Sunday, Aug 23, 2020
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New technology and weapons used in the Civil War added aspects of modern warfare to traditional combat. The Confederate States pioneered a new tactic, the use of underwater mines, to defend its many waterways. Although at that time mines were only experimental devices, a few visionary inventors recognized that their properties suited Southern needs and capabilities. The Confederacy introduced improved mines on a large scale and became the first nation to wage modern mine warfare.
During the Civil War, people referred to mines as torpedoes, after the torpedo fish (ray) that gives an electric shock. The self-propelled torpedoes we think of today were not invented until after the war. To avoid confusion, this exhibit uses the term mine.
The introduction of true mine warfare raised serious moral debate. For most of the war, the Union rejected mine warfare as a dishonorable, immoral practice. Because the Confederate Navy was desperate to protect their extensive waterways, the Confederate Secretary of War assented to their use in defensive capacities.
Much of the Civil War was fought in the South, forcing the Confederates to protect thousands of miles of coastline with few resources. Mines offered the most effective tactic: they cost little to produce, worked well as defensive weapons, and could sink or damage large, costly Union ships.
Confederates planted mines in Southern rivers as early as July 1861 and continued to use mines defensively through the end of the war. Southern inventors also developed offensive mines, but these proved less successful because they had a lower chance of encountering targets.
The Confederacy did not invent underwater mines or use them first. American inventors David Bushnell, Robert Fulton, and Samuel Colt had experimented with underwater mines leading up to the Civil War. Two Confederate individuals built on this work and significantly advanced mine design and technology.
Confederate Navy Commander Matthew Fontaine Maury evolved underwater mines that exploded from the shore by electricity. Army Brigadier General Gabriel J. Rains adapted land mines detonated by pressure into mechanical mines that worked underwater. Their innovations transformed mines from experimental devices to functional, effective weapons.
Much of the South's success with mines came from standardizing their manufacture and distribution. In 1862, the Confederate Congress created two organizations that assumed authority over mine production and ended haphazard practices. Matthew Fontaine Maury and his protégé, Lieutenant Hunter Davidson, headed the Naval Submarine Battery Service while Gabriel Rains ran the Army Torpedo Bureau.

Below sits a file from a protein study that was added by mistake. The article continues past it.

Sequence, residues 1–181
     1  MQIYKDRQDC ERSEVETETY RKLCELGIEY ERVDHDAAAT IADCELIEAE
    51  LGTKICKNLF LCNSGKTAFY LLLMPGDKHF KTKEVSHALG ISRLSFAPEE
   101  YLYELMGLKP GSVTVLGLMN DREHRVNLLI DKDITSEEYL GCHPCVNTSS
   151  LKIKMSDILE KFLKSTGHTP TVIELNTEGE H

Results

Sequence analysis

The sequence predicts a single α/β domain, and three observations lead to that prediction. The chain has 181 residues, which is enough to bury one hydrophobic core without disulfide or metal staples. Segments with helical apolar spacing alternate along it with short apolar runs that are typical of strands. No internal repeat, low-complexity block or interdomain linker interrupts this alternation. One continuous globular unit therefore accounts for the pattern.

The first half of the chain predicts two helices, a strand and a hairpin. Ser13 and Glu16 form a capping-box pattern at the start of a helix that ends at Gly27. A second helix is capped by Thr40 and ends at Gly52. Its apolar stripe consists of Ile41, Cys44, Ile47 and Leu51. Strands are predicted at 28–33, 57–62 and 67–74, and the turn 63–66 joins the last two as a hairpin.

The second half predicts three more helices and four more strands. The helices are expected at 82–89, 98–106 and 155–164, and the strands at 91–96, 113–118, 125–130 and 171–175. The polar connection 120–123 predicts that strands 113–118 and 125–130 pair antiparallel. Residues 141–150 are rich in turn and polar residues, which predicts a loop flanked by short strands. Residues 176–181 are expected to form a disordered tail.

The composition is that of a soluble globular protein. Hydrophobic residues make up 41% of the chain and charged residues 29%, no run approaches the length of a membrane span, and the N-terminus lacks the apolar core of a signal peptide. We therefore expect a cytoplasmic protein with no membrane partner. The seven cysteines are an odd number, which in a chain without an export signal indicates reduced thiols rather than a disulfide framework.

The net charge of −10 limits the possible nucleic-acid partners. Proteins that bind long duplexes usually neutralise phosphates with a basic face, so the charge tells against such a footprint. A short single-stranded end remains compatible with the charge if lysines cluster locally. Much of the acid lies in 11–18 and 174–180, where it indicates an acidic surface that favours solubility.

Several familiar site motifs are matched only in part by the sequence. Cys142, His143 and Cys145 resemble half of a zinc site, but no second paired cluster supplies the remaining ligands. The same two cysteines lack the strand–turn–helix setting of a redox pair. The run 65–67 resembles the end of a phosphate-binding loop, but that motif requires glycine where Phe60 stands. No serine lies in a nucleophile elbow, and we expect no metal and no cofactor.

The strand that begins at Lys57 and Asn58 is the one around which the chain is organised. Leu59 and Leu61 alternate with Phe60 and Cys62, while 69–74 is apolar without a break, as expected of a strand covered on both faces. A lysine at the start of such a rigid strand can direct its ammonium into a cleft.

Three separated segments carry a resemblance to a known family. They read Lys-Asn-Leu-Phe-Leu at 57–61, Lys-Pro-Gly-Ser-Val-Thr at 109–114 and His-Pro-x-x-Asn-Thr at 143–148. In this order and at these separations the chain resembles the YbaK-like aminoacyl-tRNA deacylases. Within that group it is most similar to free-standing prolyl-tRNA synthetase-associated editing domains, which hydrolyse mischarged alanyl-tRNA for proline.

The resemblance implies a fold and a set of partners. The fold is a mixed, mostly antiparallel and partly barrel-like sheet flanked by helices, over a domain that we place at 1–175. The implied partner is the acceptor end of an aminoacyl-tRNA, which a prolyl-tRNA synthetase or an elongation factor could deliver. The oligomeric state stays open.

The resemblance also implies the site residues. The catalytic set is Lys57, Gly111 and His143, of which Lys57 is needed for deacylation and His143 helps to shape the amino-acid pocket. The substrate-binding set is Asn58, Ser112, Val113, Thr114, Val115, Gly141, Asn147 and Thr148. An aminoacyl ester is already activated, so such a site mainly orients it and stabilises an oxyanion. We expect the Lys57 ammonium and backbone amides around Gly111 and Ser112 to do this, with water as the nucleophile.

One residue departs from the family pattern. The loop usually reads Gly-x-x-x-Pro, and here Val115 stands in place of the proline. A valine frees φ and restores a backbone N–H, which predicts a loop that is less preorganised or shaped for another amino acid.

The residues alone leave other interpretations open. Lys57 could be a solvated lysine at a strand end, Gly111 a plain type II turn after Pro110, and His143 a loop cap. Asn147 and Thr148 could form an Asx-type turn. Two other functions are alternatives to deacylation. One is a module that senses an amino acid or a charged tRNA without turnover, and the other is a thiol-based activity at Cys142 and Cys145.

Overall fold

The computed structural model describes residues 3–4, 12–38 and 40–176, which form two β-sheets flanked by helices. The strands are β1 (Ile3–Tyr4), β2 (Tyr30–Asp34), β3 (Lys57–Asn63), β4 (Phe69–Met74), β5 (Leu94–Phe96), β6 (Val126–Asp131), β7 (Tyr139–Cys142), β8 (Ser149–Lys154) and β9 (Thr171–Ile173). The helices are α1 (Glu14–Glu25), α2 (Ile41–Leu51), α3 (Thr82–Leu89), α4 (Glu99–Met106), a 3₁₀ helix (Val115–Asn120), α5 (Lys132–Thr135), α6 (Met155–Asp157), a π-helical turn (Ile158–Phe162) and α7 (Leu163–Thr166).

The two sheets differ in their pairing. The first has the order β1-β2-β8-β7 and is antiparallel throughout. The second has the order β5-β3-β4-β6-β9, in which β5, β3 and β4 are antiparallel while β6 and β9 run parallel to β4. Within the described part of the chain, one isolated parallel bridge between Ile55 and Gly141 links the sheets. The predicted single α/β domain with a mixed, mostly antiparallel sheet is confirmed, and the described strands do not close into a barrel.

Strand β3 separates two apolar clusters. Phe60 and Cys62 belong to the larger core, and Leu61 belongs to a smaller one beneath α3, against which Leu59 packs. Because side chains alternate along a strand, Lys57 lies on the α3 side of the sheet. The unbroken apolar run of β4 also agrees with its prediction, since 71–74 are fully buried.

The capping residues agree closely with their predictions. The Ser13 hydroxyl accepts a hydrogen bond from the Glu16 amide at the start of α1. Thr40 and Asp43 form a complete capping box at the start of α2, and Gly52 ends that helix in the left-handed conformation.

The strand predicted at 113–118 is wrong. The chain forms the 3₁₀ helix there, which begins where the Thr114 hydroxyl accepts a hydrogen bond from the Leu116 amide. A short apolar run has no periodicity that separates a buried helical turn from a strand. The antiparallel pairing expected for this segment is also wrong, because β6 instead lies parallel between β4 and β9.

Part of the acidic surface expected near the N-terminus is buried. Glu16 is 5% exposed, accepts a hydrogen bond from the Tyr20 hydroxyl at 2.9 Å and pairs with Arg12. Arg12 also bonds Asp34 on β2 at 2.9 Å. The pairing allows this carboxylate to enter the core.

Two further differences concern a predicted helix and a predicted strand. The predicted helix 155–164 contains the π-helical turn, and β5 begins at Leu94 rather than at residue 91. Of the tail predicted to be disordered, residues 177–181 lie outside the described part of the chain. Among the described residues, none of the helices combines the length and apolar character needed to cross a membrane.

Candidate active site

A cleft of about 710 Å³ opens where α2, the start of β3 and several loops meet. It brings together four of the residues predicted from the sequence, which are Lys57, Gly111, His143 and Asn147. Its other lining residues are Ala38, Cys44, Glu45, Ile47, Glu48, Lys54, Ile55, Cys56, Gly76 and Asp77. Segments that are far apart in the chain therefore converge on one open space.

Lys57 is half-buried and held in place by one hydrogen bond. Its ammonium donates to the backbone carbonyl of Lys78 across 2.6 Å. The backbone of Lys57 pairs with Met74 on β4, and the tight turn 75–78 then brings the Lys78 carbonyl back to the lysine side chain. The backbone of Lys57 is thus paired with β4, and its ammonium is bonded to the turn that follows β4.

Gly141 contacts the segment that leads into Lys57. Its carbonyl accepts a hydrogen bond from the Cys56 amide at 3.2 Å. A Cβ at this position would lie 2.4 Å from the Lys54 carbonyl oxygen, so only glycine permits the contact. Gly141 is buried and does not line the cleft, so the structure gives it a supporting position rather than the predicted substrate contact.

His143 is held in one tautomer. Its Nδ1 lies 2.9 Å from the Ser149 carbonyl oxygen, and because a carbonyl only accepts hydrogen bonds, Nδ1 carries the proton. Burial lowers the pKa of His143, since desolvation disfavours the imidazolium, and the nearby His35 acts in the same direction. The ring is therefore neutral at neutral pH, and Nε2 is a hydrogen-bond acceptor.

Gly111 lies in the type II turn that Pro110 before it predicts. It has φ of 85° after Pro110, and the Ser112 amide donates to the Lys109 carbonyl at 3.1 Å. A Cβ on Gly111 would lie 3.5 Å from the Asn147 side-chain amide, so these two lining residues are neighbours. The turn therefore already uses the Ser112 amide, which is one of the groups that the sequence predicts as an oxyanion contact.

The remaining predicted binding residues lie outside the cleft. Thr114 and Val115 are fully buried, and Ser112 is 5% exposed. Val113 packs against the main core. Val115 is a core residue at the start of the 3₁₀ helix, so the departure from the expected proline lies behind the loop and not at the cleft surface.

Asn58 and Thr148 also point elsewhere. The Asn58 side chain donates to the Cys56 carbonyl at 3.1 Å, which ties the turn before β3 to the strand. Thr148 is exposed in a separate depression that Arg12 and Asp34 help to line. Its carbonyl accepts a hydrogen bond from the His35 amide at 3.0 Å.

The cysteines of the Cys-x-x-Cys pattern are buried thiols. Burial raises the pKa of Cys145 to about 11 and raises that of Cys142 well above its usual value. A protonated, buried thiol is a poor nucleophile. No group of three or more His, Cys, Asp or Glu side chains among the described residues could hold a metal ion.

These professional services adopted standard procedures to methodically produce and plant underwater mines. They conducted research, recruited and trained mine specialists and technicians, standardized mine designs, and corrected flawed production methods. With the establishment of these systems, mine use grew in volume and effectiveness.
Underwater mines did not change the outcome of any major Civil War battle, but they played important defensive and deterrent roles. Mined waterways slowed the Union Navy by damaging its ships or forcing sailors to clear the mines before advancing. These delays gave Confederate forces time to retreat safely or await reinforcements.
Confederates increased the effectiveness of mines by improving existing mine technology and standardizing mine production and deployment. Over the course of the war, their mines sank 29 Union vessels and damaged 14. In terms of damage done compared to effort expended, Southern mining efforts proved remarkably successful. Nations throughout the world took notice and adopted mines for their navies.
Common Types of Civil War Mines
Most Confederate mines served defensive purposes and were physically anchored to riverbeds or shores to deter the advance of Union ships. This approach worked more effectively than the deployment of offensive mines placed in waterways to drift into targets.
Inventors designed two types of detonating mechanisms that ignited black powder inside the mines. A mechanical mechanism triggered autonomously, usually when physical contact with a ship activated a chemical or mechanical reaction that generated a spark. An electrical mechanism received electric current through a cable when an operator on land manually closed an electric circuit.
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